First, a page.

Hiding in Plain Sight

Hiding in Plain Sight

0 Flares 0 Flares ×

There is a revolution going on – and it’s hiding in plain sight.

Community is gradually taking over the role of government. This technologically-accelerated dynamic is building momentum and there is a tipping point at which something very different may emerge.

Around the world, governments are increasingly grinding to a halt, unable to adapt to exponentially increasing transparency and complexity.  More and more, they are struggling to deliver services affordably, with less and less money available to deliver them.

The capacity of the community to organise itself to solve challenges is increasing all the time. Each new technological platform is creating opportunities for community members to work together, bypassing government systems to develop solutions that look and feel very different to how things have been done in the past. Many of these solutions are delivering better outcomes, very much cheaper.

Inspiring, community-led ideas and systems are being shared around the world and people are taking the initiative themselves to make these things happen, with no permission required. This is a revolution in community-led agency.

I often talk about the existence of certain parts of government as being a failure of community. It is a provocation and a conversation starter. The reality is not so binary, but it is a frame of view that does lead to some interesting outcomes.

In the hunter-gatherer era, tribes used to educate their own kids. They looked after their own elders. They worked as a collective to feed each other, and health systems were managed through village wisdom.

As communities become increasingly technologically empowered, a return to a more tribal way of being may start to emerge. The impact of automation offers a potential decoupling from individualism and the state in its current form, providing the governance platform in which we organise our individual lives.

I have no idea what the endpoint will look like, but this new era of biological, technological and financial disruption is accelerating the transfer of organising power from government to the community.

The exhausting, endless conversation about who should do what whenever they get in power is missing the real revolution. Something is quietly emerging from beneath – and it just might end up changing the rules of the whole game.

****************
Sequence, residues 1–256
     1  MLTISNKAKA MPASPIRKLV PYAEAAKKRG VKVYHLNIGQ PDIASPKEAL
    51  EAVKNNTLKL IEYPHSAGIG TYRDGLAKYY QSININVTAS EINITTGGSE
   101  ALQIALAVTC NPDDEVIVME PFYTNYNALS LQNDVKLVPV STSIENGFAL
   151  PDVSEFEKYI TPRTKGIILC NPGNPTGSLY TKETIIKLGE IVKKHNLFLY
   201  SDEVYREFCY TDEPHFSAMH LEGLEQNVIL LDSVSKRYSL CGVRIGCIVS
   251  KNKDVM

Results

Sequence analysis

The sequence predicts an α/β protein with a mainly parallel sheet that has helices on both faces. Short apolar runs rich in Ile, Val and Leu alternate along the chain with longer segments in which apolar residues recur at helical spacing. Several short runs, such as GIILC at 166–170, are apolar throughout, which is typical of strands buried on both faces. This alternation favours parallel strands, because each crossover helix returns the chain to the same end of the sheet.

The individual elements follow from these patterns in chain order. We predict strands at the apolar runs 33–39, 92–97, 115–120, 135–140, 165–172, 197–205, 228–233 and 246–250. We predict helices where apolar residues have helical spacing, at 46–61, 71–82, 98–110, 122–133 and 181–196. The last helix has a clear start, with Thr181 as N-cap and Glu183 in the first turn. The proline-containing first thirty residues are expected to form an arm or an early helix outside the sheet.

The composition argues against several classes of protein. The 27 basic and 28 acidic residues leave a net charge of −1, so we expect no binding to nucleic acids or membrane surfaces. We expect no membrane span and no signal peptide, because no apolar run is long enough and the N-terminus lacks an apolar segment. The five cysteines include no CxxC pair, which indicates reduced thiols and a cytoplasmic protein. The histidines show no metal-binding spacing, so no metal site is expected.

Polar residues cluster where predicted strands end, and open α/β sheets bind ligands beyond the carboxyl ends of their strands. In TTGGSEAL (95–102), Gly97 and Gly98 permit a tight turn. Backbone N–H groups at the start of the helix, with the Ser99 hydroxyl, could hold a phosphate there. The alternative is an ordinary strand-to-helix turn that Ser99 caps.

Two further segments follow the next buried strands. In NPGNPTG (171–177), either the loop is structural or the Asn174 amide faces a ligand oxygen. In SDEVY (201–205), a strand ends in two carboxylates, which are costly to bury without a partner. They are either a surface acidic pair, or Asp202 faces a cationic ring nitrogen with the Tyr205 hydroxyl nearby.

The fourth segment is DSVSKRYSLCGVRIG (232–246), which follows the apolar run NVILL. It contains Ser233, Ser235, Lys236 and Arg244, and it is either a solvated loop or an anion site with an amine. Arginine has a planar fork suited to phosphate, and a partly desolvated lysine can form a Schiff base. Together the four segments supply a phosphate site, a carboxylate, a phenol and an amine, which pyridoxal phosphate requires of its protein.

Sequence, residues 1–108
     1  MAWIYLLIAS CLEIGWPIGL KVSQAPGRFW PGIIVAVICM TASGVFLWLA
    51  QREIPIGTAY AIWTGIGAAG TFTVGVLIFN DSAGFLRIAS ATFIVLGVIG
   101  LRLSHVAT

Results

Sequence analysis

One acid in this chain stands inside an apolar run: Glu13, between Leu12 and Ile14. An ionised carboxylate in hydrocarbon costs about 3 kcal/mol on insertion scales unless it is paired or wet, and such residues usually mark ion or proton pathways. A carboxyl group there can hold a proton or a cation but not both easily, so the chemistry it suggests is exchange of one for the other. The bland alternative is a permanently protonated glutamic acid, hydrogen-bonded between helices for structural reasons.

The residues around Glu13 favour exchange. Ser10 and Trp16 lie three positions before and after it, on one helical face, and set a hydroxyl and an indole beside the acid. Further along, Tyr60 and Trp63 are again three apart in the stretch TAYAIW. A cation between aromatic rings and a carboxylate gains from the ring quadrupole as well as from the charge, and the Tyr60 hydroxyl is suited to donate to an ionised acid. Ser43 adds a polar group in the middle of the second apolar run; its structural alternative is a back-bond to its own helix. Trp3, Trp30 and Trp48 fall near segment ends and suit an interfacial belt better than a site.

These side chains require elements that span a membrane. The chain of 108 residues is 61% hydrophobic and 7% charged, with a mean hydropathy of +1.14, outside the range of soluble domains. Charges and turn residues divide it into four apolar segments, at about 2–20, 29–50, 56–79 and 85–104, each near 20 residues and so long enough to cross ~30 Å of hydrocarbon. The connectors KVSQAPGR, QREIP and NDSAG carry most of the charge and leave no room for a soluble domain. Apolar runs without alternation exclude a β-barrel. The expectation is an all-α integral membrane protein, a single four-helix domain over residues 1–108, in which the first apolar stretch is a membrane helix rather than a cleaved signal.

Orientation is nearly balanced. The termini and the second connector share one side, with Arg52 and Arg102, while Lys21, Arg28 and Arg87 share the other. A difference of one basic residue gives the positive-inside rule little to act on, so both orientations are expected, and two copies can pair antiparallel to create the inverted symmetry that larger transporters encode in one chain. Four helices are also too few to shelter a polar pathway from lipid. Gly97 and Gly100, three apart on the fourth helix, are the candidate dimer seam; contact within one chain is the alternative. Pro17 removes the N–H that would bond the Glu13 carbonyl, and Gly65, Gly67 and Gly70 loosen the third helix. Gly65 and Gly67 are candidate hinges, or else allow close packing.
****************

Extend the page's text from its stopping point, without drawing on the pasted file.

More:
To the revolution of community.

0 Flares Twitter 0 Facebook 0 LinkedIn 0 Email -- 0 Flares ×

Please, let me know what you think of this post:

Love It 813Hate It 801

Buy Me a Coffee

Did you love this article? If so please consider buying me a coffee.

Buy Coffee

Take The 50 Coffee Adventure

A Fun, Light and Easy Way to Build Connections

Buy Now (UK) Buy Now (US)

Or search your local Amazon store for "The 50 Coffee Adventure".


add a comment
  1. Excellent post Marc. I agree. The shift from institutions delivering transactions to networks delivering relational forms of public service is well underway – often in spite of the government getting in the way.

    Here in the UK. we all saw how government struggled to harness the abundant goodwill that emerged after millions signed up to volunteer for the NHS during the early days of Covid.

    A new world is emerging. And not a moment too soon my friend,
    Rich T

    • It was amazing how much goodwill arrived and yes it demonstrated how difficult it is for institutions to break their processes to capitalise on it. In Guernsey we were able to harness this a lot more which is one of the primary reasons our Covid response was so strong.

  2. Compelling as ever Marc.

    I’d be interested to know if you’ve ever written anything about the process of creating a community to enable social change?

    • I don’t think I have ever written directly to that challenge, primarily, because it is more of a playbook than a short format blog post. The majority of the aspects of it are contained within my past writings. We are considering developing some programming that gives people the specific skills to be able to build community to take on social challenges.

  3. Love this. Thanks Marc. Would you consider curating a few notable examples from around the globe?

  4. Hi Marc, I just discovered your site through research for my master’s dissertation on community approaches to systems change with a focus on the sustainable fashion community in Scotland. There is a lot of frustration within the community due to the government’s lack of support for the industry, and so there is definitely collective action “quietly emerging from beneath” as you wrote. I’m currently setting up a social venture to coordinate the community and so will continue to explore your work. Thanks for an insightful and encouraging post!

  5. syvia Dhenin says

    I agree with many of the ideas. In the nomadic times people were able to do things because they knew and cared for all as lives depended on it. Now that we are so complex it is a bit different. Certain things are better handled by government bureaucracies as hospitals. Other matters should be sponsored and supported by government when necessary as small independent farms and businesses. Aid should not be given to giant, all consuming organizations.

  6. ka16qf

Speak Your Mind


0 Flares Twitter 0 Facebook 0 LinkedIn 0 Email -- 0 Flares ×